Supremacy of the Constitution

The Constitution of India given to themselves by the people of India having been adopted on 26th day of November 1949 in the Constituent Assembly came into force on 26th January 1950. To put in the language of ancient Indian jurisprudence it is the "Raja Dharma", which is supreme. All the three organs of the State, the Legislature, the Executive and the Judiciary are bound by the provisions contained therein and are required to function within the four corners of the provisions. The argument some time advanced, as to the supremacy of the one organ over the other is futile.

This aspect was forcefully brought out by Dr, S. Radhakrishnan, in his speech made in the Constituent Assembly supporting the Objectives Resolution moved by Jawaharlal Nehru. He said

"DHARMAM KSHATRASYA KSHATRAM "

"Dharma, righteousness is the king of kings It is the ruler of both the people and the rulers themselves It is the sovereignty of the law we have asserted. "

Dr. Ambedkar the Chairman of the Drafting Committee, and the main architect of the Constitution, explaining the significance of the restrictive clauses contained in Article 368 expounded the supremacy of the Constitution in the following words :

The Constitution is a fundamental document. It is a document which defines the position and power of the three organs of the State -the executive, the judiciary and the legislature. It also defines the powers of the executive and the powers of the legislature as against the citizens, as we have done in our chapter dealing with Fundamental Rights. In fact, the purpose of a constitution is not merely to create the organs of the State but to limit their authority, because, if no limitation is imposed upon the authority of organs, there will be complete tyranny and complete oppression. The legislature may be free to frame any law; the executive may be free to take any decision; and the Supreme Court may be free to give any interpretation of the law. It would result in utter chaos.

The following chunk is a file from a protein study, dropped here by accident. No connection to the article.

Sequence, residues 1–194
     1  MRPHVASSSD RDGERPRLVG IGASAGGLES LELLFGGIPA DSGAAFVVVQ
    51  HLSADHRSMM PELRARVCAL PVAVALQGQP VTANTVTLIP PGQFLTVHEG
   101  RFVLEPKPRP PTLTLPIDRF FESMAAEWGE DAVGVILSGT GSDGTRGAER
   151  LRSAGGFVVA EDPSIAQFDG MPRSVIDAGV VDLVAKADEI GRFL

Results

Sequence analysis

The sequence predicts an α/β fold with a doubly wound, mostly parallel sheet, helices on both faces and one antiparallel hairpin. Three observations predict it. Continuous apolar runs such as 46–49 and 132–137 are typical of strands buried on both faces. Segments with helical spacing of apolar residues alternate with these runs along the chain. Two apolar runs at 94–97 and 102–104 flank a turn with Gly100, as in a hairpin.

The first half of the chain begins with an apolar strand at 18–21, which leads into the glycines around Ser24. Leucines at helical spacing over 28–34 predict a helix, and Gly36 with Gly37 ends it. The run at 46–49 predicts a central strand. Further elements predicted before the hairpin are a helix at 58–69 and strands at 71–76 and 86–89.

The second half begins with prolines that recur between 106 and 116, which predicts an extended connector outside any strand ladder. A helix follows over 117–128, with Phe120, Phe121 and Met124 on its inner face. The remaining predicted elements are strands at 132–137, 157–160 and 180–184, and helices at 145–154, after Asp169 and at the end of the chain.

The Law Commission presided over by Justice P.B.Gajendragadkar, former Chief Justice of India, in its 46th Report expressed similar views : The Commission believes that, in a democratic country like India which is governed by a written constitution, supremacy can be legitimately claimed only by the constitution. It is the Constitution which is paramount, which is the law of laws, which confers on the Parliament and the State Legislatures, the Executive and the Judiciary their respective powers, assigns to them their respective functions, and prescribes limitations within which the said powers and functions can be legitimately discharged.

Thus we gave ourselves a system of governance which can aptly be described as a System based on the Constitutional Supremacy, same as the Dharmic Supremacy, as declared in Brihadaranyaka Upanishad, the basic structure of which is unalterable. This must be uppermost in the minds of all those who exercise the power of the State under the doctrine of separation of powers.

References

  1. Brihadaranyakopanishat Upanishad
  2. Dharmasastras I
  3. M. RAMA JOIS, DHARMA - The Global Ethic, Published by "Bharatiya Vidya Bhavan